What Are Differentiators In Business?

A key differentiator can be defined as the business attribute(s) and/or unique value that clearly separates it from the competition in a particular marketplace. 

A key differentiator should be unique, measurable and defendable.

Differentiation is the process companies use to make a product or service stand out from its competitors in ways that provide unique value to the customer. Differentiation identifies a set of characteristics and benefits that make a product different and better for a target audience.

How to Evaluate a Differentiator

To be successful, a differentiator must meet three important criteria:

It must be true. You can’t simply make it up. It must be important to potential clients. If not, what’s the point? It must be provable. If you can’t demonstrate that it is true, it won’t be believed. How To Determine Core Differentiators

Most companies differentiate themselves by focusing only on their product or service advantages. Why does this approach fall short? You may be missing opportunities to differentiate your business at every customer touch point. Differentiation requires carefully considering the entire customer experience.

Enterprise-Wide Differentiation

Differentiation does not refer solely to the assets you own, like your brand, products and services, or what you say you intend to do in your mission or vision statements. Differentiation involves what you do every day throughout your organization to serve your customers better than the competition.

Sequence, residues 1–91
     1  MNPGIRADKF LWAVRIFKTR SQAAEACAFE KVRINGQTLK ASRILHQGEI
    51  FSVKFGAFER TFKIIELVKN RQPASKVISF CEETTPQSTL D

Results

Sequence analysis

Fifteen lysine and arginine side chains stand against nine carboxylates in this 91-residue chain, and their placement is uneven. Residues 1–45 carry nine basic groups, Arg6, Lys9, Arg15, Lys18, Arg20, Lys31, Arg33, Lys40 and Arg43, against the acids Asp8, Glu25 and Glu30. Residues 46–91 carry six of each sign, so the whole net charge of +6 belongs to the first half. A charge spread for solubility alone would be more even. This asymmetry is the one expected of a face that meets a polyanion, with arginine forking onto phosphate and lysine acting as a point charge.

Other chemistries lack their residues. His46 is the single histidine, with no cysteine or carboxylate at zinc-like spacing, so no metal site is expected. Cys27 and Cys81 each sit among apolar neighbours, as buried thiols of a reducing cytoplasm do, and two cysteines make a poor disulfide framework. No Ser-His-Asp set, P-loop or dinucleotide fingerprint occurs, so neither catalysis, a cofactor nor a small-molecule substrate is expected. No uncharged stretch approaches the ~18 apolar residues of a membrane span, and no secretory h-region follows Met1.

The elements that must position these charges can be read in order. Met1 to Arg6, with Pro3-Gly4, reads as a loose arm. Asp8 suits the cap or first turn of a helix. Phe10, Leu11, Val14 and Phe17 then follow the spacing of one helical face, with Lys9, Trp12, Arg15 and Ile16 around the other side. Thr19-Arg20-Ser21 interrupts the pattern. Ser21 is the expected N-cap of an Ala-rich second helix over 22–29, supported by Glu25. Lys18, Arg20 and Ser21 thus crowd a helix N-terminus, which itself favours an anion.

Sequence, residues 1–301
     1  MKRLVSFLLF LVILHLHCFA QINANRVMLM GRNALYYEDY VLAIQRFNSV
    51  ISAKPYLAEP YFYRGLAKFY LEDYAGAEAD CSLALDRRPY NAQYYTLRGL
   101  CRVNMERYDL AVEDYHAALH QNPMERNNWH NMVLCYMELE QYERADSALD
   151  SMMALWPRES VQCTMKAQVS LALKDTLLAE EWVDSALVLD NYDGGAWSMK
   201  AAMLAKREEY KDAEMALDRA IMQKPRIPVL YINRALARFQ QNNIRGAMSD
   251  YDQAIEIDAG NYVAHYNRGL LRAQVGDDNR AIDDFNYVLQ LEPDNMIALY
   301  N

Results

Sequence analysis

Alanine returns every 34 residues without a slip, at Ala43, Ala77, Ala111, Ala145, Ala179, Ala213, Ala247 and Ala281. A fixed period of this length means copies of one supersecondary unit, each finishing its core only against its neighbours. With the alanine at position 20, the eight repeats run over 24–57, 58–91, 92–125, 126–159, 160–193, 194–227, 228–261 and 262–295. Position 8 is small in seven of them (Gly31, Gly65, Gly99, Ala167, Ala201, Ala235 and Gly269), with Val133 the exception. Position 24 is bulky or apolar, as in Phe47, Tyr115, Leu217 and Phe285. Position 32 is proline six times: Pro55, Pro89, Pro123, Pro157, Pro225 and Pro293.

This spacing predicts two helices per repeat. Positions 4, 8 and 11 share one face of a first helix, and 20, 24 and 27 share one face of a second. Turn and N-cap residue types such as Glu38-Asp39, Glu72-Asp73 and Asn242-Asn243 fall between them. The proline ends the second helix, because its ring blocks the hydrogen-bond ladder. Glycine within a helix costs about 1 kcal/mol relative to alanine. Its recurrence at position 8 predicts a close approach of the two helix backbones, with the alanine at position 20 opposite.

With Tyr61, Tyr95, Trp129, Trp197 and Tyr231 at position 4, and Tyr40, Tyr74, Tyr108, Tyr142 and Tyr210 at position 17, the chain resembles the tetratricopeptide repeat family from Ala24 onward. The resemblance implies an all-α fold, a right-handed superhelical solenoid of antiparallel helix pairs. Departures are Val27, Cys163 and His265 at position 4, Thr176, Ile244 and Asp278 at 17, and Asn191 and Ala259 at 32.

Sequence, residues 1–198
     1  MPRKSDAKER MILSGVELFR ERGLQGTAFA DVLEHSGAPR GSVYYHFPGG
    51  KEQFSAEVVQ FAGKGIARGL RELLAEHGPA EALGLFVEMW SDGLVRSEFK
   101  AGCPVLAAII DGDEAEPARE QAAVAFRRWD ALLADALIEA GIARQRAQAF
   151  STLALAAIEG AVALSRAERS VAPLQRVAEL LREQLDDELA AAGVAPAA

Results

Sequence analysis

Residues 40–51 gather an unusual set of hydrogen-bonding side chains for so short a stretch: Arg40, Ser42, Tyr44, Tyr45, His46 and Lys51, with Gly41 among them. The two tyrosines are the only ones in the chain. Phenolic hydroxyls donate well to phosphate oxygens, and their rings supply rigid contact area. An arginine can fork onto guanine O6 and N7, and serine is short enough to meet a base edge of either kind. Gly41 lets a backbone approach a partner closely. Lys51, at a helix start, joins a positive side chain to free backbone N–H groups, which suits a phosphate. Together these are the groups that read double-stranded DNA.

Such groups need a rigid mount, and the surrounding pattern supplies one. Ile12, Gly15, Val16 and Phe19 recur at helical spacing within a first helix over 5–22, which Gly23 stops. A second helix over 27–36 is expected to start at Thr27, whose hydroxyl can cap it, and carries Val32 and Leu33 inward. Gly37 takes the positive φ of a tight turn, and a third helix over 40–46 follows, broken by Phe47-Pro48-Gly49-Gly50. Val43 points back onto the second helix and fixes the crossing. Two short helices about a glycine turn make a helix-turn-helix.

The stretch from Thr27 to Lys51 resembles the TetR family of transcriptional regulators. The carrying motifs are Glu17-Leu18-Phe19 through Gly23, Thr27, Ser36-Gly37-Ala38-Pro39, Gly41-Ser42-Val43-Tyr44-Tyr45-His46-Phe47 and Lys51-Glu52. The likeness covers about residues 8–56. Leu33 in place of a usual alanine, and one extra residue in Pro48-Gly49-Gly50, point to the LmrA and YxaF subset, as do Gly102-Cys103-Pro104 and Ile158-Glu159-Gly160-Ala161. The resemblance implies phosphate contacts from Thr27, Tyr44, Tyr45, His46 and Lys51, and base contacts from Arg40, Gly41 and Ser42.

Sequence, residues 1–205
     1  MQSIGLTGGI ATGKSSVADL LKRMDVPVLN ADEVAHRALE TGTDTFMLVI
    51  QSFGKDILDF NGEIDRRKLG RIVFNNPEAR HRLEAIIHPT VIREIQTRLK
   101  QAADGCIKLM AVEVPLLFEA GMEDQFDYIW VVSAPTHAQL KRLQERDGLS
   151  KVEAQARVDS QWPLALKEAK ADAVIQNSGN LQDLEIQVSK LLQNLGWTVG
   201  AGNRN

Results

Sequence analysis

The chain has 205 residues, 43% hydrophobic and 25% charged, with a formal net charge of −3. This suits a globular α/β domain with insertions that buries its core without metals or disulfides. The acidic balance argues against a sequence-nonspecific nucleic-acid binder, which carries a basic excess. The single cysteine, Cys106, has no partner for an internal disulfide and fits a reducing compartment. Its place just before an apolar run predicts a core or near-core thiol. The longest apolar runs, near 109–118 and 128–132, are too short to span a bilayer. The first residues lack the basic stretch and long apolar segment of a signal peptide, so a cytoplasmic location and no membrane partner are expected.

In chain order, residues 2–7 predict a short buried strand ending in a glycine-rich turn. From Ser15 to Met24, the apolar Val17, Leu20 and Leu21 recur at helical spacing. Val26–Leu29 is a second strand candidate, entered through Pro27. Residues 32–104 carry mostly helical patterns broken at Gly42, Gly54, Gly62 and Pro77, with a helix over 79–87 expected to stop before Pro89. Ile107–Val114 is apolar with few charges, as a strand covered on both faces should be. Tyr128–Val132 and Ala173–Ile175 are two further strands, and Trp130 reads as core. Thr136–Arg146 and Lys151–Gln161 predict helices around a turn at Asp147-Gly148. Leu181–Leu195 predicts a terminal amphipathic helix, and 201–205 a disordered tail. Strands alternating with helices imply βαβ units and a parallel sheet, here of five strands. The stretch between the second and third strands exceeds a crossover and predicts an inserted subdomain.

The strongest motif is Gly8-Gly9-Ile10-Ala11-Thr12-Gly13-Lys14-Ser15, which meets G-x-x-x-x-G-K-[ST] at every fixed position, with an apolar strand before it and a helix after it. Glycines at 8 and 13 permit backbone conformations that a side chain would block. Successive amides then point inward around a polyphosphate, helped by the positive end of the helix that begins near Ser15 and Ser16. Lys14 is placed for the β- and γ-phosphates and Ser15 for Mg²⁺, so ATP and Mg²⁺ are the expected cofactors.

Successfully differentiated B2B companies consistently develop and promote unique products, services and, most importantly, customer experiences. They focus on creating a sustainable, distinctive enterprise.

Professional services company Accenture combines unique experience and specialized skills across more than 40 industries and all business functions. With the world's largest delivery network, Accenture offers a breadth of capabilities few companies can match. The company uses its ample business and technology acumen to help clients improve performance.

The Related Concepts of Differentiation

Communicating your company’s distinct capabilities can take a couple of forms. Both your unique selling proposition and customer value proposition should highlight how you differ from your competitors. Although related, these concepts have different uses:

• The unique selling proposition (USP) summarizes what sets your company apart from your competitors. Do you offer a specialty, guarantee, unique tool or exclusive methodology? A slogan may or may not contain a USP. Nike’s “Just Do It” may be a memorable slogan, but it describes no unique benefit. However, the FedEx slogan, “When it absolutely, positively has to be there overnight” provides an excellent example of a USP. By differentiating you from your competitors, a strong USP helps drive sales and simplify communications. All audiences will understand the unique capabilities your company delivers.

• The customer value proposition communicates tangible results a customer receives from partnering with you. It expands on the USP by providing the specifics of your capabilities. Whereas a USP highlights what distinguishes your company from competitors, a value proposition conveys the positive outcomes a customer receives. Essential elements of a value proposition include what you do for your customers, how you do it, what challenges you help them overcome, how you help them achieve their goals and how you have positively impacted the performance of similar customers.